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Texas Prisoner’s Excessive Heat Death Reveals Continuing Danger

by Matt Clarke

After the Texas Department of Criminal Justice (TDCJ) settled a lawsuit over excessive heat filed by prisoners at the Wallace Pack Unit, by agreeing to air condition the facility and move heat-sensitive prisoners to cooler cells, many thought the issue of heat-related deaths in Texas prisons had been resolved. [See: PLN, July 2018, p.1]. However, the recent death of a 29-year-old state prisoner, caused by hyperthermia, revealed that excessive heat remains a concern.

Seth Donnelly was seven years into a 12-year sentence for intoxication manslaughter. He was a trusty assigned to the Robertson Unit, whose job as a “runner” was to lay scent trails for the prison’s bloodhounds and fight them if they caught him. To protect himself from the dogs, he wore a 75-pound anti-bite suit. The suit’s padding acted like insulation.

Four days prior to his June 23, 2019 death, Donnelly wrote to a friend complaining about the heat. “Very hot day and tomorrow is supposed to be 102,” he said. “There that Texas heat is. I’m exhausted and I may have gotten a little too much sun as I’m a little red.” Donnelly had previously told his mother, Deborah, that the guards didn’t always provide enough water when he was working.

“He said the guards were very cruel at times, that they wouldn’t always give the guys breaks or allow them to cool down in the air conditioning,” she said. “I got real worried when I started to hear that, knowing how hot it can get in those big suits.”

Runners are required to literally run across fields, traverse ditches, lay improvised traps and climb trees in an attempt to mislead and elude the tracking dogs. On Donnelly’s last day on the job, he and his crew of dog-training prisoners did a run. Afterward he felt ill, so the guards let him stay in a cooled trailer while the rest of the crew conducted a second run. When they returned at around 4 a.m., they discovered Donnelly “in distress.”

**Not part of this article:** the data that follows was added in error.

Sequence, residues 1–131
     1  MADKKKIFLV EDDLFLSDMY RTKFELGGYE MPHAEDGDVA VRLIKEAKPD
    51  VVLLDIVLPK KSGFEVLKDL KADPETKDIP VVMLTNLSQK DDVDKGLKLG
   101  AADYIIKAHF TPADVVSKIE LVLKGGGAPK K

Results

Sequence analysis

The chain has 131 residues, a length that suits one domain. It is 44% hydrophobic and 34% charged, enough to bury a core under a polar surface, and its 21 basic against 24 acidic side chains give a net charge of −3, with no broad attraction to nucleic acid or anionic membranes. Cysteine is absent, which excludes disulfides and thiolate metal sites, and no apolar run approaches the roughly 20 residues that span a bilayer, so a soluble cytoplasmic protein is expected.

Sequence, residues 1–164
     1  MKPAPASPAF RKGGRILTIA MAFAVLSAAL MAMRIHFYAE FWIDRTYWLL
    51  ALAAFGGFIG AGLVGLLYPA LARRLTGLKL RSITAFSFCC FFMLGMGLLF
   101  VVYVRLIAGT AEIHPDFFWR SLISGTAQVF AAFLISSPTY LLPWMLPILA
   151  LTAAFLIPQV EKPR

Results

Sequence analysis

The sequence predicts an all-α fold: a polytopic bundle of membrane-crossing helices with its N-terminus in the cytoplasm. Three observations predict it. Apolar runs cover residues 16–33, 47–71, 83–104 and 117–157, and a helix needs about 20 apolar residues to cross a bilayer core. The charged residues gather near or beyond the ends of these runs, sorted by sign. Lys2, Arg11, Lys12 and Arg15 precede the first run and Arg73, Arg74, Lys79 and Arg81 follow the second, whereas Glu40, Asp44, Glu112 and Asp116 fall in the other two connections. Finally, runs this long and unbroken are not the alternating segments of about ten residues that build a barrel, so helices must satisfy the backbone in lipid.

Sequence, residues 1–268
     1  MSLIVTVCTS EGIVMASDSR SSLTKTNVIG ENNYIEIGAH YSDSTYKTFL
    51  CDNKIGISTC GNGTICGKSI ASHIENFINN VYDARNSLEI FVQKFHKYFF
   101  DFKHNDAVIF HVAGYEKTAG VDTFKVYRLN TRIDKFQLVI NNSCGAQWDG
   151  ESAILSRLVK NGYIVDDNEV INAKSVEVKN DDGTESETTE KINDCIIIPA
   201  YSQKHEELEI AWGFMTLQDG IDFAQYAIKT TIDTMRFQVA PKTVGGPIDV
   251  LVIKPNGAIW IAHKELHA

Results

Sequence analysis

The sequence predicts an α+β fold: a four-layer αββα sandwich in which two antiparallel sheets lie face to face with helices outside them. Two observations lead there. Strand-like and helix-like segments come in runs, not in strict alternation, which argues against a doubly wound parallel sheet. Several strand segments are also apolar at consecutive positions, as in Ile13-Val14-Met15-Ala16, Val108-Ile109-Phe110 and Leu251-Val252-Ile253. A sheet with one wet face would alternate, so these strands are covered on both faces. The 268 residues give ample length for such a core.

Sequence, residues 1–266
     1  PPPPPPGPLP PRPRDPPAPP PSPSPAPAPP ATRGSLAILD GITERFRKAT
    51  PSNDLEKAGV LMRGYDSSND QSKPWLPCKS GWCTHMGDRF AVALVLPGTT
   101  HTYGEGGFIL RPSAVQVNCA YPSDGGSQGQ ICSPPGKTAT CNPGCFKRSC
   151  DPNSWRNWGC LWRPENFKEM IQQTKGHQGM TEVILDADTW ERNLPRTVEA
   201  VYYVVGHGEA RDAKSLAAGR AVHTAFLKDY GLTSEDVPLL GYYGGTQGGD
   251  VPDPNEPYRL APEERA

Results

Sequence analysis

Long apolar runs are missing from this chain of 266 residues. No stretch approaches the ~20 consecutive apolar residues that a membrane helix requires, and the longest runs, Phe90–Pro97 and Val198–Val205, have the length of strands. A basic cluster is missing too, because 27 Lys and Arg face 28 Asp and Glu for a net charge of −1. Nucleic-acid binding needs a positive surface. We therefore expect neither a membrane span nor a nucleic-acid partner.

He arrived at the Hendrick Medical Center’s emergency room at 5:45 a.m., which led to questions about the delay in transporting him.

“If this young man was suffering symptoms of heat exhaustion, it could easily progress to heat stroke,” noted Austin attorney Scott Medlock, who represented the Wallace Pack Unit prisoners in their excessive heat lawsuit. “When you’ve got heat exhaustion you need to be immediately seen by medical staff and not returned to a hot environment.”

Donnelly had no brain activity when he arrived at the hospital; he was taken off life support and died two days later. The cause of death listed in a preliminary autopsy was “multiorgan failure following severe hyperthermia.”

Another Texas prisoner died due to “environmental hyperthermia,” or heat stroke, on July 19, 2018 at the Michael Unit, according to an in-custody death report sent to the Texas Attorney General’s office. Robert Earl Robinson, 54, was found unresponsive by prison staff and taken to a hospital where he was pronounced dead.

He had served 30 years of a 45-year sentence for burglary of a habitation.

Disputing the medical examiner’s preliminary report listing the cause of death as hyperthermia, TDCJ officials claimed Robinson had been housed in an air conditioned cell. While segregation cells at the Michael Unit are air conditioned, the temperatures are often set to the mid-to-high 80s and the system is failure-prone, leaving prisoners in hot cells without fans or windows that open. Of the state’s 104 prisons and state jails, 75 lack air conditioning.

The day after Robinson’s death, prison officials initiated a new incident command system to minimize outside work, serve cooler meals, and provide cool showers and water when outdoor temperatures exceed 100 degrees. Between January and October 2018, 79 prisoners and staff members reportedly suffered heat-related illnesses.

According to an April 2019 news report, a bill introduced in the state legislature, which “would have tackled high temperatures at state jails and prisons has been gutted and replaced with a cost study, a move inmate advocates called ‘a cop-out.’”

The bill, HB 936, was referred to a committee at the time the legislative session ended. The TDCJ claimed it would cost $1.2 billion to air condition all state prisons – an amount that the bill’s sponsor, Rep. Terry Canales, called “grossly inflated” and “disingenuous.” During the Wallace Pack litigation, prison officials had estimated the cost to air condition just that facility at $20 million – a figure that was later reduced to $4 million. 



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